The New York Journal of Books (NYJB) is the only reviewing journal that releases reviews on the same day as a book is released. The NYJB is giving the New York Times, Los Angeles Times, Publisher’s Weekly, Library Journal, Kirkus Reviews and other well-known reviewing venues a run for their money (and readers).

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The New York Journal of Books reviewer panel consists of a growing team of talented and experienced reviewers whose expertise and credentials are unique among exclusively online book reviews. This panel includes bestselling and award-winning authors, journalists, experienced publishing executives, tenured academics, as well as highly experienced professionals across a number of disciplines and industries. All bring highly relevant expertise and insight to their reviews. Each reviewer writes about books with a singular, unique voice. Together, this chorus is New York Journal of Books’ singular strength. NYJB’s catalog of reviews has far more in common with respected print reviews than with any other online-only review. In a world where print book reviews are in rapid decline, NYJB aims to preserve the tradition of excellence in book critique. At the same time, NYJB embraces the rich multimedia content that cannot be found in a print publication, providing a singularly rich book selection experience.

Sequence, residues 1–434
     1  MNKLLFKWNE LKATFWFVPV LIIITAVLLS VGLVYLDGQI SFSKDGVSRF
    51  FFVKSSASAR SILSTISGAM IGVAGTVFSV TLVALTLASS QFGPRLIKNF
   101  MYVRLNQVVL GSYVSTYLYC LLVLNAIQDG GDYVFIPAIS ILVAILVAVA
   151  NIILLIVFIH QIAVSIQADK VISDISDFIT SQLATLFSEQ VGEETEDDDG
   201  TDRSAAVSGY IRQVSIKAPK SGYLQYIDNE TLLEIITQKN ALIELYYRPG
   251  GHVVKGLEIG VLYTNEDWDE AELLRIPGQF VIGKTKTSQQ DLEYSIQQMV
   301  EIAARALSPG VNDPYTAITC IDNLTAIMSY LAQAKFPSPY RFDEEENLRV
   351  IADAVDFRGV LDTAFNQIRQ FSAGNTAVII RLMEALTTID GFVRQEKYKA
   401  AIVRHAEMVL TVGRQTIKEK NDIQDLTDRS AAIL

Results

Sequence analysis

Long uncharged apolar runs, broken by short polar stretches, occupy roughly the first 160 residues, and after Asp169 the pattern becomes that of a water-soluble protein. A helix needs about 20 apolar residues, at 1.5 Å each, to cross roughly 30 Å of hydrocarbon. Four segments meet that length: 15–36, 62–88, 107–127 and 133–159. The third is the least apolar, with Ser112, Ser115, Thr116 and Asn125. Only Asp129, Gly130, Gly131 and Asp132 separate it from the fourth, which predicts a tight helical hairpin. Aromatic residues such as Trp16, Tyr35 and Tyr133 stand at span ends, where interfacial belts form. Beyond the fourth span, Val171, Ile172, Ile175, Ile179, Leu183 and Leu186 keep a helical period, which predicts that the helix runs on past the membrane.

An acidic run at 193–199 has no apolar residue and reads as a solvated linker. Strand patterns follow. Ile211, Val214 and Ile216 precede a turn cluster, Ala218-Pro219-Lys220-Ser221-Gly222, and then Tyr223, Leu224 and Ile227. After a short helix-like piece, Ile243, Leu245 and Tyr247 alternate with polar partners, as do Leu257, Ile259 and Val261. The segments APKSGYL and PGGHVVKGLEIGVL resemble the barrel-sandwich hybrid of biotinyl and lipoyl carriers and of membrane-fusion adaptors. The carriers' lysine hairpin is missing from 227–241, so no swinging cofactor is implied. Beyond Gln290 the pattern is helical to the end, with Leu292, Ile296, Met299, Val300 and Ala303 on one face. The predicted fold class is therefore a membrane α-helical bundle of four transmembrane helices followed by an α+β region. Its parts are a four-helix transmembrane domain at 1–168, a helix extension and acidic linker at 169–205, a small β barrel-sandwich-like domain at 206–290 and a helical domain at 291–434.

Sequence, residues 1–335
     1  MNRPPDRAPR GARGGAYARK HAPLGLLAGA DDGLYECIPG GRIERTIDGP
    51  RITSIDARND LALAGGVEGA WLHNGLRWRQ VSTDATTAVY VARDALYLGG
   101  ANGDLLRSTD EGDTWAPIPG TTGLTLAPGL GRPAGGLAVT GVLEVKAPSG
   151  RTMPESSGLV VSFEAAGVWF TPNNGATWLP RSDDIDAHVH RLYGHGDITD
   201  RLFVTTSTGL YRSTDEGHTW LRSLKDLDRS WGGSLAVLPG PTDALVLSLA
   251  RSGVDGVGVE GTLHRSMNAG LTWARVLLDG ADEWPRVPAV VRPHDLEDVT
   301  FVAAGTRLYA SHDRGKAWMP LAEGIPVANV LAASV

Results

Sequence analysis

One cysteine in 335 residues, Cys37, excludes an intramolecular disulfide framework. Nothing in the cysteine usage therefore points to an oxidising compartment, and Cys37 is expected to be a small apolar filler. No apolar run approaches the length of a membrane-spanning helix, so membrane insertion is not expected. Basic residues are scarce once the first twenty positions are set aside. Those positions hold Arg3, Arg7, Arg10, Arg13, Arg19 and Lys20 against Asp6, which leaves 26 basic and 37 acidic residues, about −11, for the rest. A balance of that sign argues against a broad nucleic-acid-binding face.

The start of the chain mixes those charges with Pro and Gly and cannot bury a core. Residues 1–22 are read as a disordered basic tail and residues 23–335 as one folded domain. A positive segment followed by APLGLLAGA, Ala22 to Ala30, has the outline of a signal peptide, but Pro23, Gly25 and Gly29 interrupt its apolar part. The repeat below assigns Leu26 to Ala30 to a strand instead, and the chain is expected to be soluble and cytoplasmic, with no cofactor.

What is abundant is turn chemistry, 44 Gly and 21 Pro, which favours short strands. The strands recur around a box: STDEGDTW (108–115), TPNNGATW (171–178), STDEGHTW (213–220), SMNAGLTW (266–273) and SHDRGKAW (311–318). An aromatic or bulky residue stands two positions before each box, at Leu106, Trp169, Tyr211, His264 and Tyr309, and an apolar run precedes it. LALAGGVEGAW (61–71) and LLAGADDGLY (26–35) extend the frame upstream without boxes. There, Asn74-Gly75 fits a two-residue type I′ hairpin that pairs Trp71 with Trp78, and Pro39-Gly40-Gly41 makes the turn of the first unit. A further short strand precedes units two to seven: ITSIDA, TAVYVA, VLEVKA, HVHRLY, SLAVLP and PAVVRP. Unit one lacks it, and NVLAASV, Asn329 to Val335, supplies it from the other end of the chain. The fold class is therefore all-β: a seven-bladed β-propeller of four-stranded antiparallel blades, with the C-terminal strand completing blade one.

Read the respected and relevant reviews at the New York Journal of Books and see what books and stories catch your attention.

White Dog Fell from the Sky

White Dog Fell from the Sky: A Novel by Eleanor Morse
New York Journal of Books. 3 January, 2013
Reviewed by Gabriel Constans

0670026409.01._PC_SCLZZZZZZZ_“. . . a satisfying, savory dish that should be served alongside the best in contemporary multicultural fiction.”

There are not enough adjectives to describe the strength of this story.

Eleanor Morse has written a character driven novel with character. White Dog Fell from the Sky has a life of its own that blends reality, insight, observation, and nuance with such ease and grace you forget you are reading.